• provides some “ownership” information to the browser, and • plays a role in encrypting traffic.
  14. Seriously, what is a certificate? • A collection of information

    used to secure communications • Involves multiple parties, as part of trust model • Uses public-key infrastructure (PKI)
  15. Certificate Authority (CA) • Independent organization that provides certificates •

    Verifies some information to ensure a level of trust • Relies on browsers trusting CAs • Examples include: Comodo, Verisign, GoDaddy, StartSSL, and Let’s Encrypt
  16. Certificate issuance also comes in threes • Certificate signing request

    • Private key • Leaf certificate
  17. CSR • Certificate signing request • An entity that needs

    a certificate provides basic biographic data • Most importantly, lists which domains are to be secured • Signed with a private key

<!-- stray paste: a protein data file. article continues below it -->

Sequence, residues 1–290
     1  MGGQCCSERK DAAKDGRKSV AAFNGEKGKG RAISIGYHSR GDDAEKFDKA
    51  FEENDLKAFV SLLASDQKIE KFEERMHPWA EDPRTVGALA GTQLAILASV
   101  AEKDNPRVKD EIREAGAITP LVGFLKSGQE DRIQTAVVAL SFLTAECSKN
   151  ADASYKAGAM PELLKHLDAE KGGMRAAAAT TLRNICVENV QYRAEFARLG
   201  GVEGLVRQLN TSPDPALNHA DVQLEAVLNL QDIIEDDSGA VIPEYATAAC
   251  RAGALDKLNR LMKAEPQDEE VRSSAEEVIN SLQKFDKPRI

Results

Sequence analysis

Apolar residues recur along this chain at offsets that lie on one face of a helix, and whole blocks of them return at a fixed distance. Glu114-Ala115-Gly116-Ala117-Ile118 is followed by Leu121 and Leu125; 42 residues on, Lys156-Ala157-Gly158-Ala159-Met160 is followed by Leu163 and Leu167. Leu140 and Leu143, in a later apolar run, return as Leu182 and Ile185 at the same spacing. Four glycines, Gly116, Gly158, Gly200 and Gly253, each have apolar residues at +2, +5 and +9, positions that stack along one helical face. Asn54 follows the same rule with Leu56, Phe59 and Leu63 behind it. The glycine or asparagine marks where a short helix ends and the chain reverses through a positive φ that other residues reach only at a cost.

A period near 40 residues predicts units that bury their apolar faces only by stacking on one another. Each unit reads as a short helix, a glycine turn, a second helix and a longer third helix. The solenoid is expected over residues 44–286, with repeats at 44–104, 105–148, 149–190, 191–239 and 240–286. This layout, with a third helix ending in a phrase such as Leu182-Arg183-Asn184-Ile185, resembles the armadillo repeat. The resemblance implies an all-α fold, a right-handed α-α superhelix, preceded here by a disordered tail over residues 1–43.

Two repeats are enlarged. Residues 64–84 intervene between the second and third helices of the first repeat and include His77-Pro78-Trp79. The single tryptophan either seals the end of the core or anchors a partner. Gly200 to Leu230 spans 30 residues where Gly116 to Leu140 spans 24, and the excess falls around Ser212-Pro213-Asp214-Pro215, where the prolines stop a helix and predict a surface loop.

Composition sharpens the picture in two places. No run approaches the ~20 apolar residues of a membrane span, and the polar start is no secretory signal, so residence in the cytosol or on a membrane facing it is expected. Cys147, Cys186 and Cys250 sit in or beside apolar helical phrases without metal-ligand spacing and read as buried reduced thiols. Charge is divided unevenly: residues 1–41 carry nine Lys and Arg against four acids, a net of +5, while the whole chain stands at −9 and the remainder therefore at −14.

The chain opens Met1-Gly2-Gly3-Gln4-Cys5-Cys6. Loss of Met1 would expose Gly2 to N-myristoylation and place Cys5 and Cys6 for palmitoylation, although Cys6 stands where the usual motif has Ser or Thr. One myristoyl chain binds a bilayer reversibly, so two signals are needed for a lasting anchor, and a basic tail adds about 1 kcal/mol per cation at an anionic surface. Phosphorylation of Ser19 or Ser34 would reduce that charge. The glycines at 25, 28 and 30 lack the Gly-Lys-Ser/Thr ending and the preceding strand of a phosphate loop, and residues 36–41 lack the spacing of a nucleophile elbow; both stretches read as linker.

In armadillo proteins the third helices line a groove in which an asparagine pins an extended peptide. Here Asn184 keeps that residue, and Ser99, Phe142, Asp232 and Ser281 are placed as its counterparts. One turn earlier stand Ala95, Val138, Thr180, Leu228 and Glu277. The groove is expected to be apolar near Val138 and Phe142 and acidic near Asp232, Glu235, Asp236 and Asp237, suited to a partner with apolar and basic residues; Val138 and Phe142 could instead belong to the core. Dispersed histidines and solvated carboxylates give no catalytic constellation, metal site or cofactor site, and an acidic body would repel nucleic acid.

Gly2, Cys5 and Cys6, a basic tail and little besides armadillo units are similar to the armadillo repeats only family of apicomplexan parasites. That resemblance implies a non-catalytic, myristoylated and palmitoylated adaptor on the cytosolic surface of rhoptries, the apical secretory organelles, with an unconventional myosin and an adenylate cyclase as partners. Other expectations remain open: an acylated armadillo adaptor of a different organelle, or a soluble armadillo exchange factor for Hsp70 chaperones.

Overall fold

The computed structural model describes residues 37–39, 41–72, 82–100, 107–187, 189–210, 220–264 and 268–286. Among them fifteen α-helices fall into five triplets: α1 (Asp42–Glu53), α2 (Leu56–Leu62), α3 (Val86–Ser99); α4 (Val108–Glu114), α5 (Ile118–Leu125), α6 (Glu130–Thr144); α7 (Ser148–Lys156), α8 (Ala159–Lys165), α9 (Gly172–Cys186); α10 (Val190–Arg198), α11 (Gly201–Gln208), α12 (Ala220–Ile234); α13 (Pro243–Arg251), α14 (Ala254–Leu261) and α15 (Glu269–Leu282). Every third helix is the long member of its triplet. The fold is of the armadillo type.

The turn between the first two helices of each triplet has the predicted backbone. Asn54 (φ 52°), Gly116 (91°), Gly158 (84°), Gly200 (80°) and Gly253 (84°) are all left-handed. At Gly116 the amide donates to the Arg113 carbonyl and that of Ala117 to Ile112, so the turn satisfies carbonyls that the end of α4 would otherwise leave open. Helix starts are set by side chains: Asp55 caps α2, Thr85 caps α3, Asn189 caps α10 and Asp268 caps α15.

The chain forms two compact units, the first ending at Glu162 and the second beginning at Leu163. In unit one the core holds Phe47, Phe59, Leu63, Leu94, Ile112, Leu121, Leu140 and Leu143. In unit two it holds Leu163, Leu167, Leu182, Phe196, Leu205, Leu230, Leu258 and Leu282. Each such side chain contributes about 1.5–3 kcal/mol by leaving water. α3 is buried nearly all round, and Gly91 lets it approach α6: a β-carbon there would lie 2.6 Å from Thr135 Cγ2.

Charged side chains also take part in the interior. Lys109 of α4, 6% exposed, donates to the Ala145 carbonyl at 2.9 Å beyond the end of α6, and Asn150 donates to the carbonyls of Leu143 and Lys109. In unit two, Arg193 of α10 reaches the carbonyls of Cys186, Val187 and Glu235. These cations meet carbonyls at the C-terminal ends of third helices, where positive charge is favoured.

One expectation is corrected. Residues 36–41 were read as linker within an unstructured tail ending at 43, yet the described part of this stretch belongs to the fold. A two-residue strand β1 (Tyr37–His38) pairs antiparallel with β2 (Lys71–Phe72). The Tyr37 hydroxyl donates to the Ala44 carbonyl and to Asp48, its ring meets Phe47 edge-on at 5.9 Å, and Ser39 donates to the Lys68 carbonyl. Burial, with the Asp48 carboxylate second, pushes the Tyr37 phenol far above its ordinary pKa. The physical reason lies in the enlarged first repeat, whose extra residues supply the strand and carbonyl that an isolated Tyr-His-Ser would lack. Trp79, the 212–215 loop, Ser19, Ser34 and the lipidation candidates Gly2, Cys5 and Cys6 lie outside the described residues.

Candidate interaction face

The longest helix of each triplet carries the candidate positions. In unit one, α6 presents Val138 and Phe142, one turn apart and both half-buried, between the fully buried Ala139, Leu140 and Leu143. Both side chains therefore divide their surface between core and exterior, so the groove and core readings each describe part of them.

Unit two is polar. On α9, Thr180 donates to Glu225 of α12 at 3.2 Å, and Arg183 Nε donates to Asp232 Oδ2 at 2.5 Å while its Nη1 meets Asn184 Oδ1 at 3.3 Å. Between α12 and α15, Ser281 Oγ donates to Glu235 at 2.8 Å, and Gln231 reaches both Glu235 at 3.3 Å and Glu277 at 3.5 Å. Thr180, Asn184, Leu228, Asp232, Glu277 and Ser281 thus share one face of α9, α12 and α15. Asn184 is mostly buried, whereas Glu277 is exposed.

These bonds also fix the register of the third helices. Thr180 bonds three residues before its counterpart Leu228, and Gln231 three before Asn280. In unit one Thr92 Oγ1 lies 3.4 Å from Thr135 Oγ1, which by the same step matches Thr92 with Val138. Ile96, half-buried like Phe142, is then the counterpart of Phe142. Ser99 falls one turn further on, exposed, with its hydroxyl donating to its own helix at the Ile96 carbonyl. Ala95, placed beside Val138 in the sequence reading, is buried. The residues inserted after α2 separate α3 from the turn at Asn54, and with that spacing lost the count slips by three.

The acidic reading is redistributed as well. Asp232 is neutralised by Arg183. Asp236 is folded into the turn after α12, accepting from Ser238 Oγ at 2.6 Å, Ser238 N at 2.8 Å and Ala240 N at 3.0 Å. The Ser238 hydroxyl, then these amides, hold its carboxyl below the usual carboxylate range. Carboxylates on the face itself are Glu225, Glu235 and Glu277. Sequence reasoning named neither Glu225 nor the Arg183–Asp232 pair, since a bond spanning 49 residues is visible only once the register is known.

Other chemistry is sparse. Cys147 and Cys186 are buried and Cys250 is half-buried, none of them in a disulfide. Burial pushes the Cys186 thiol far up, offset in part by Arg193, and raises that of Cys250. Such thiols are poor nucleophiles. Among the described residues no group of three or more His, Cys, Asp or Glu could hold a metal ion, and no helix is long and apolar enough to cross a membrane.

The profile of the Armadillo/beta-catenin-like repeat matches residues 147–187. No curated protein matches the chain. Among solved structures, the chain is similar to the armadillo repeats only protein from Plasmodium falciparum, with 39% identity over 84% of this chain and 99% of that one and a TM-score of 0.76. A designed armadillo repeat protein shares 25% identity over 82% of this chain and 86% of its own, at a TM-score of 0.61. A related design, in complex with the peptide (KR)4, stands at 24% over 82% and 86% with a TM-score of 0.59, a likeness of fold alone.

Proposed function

18. Private key • Encrypted string used to unlock the certificate

    provided by the CA • The CSR produces, or uses an existing, private key • The key is never shared, and should never leave the server it’s used on (generally)
  19. Leaf certificate • Issued by a certificate authority • Expire

    with some frequency • Generated using the CSR • Unlocked using the private key
  20. Certificate trust types • Depend on how a domain confirmed

    • Advanced types generally only needed by large, significant organizations
  21. Domain Validation (DV) • Ownership confirmed using: • WHOIS email

    records, • DNS entries, or • A file added to the server. • Also known as “domain-control validated”
  22. Organization Validation (OV) • CA performs domain-control verification • CA

    also validates organization per its requirements
  23. Extended Validation (EV) • Considerably more-thorough version of organization validation

    • Doesn’t support wildcard certificates • Only way to display organization name in address bar
  24. Certificate components • Root certificate • Intermediate certificate • Leaf

  25. Root certificate • Certificate that browsers and devices trust •

    Specific to the CA that issues a certificate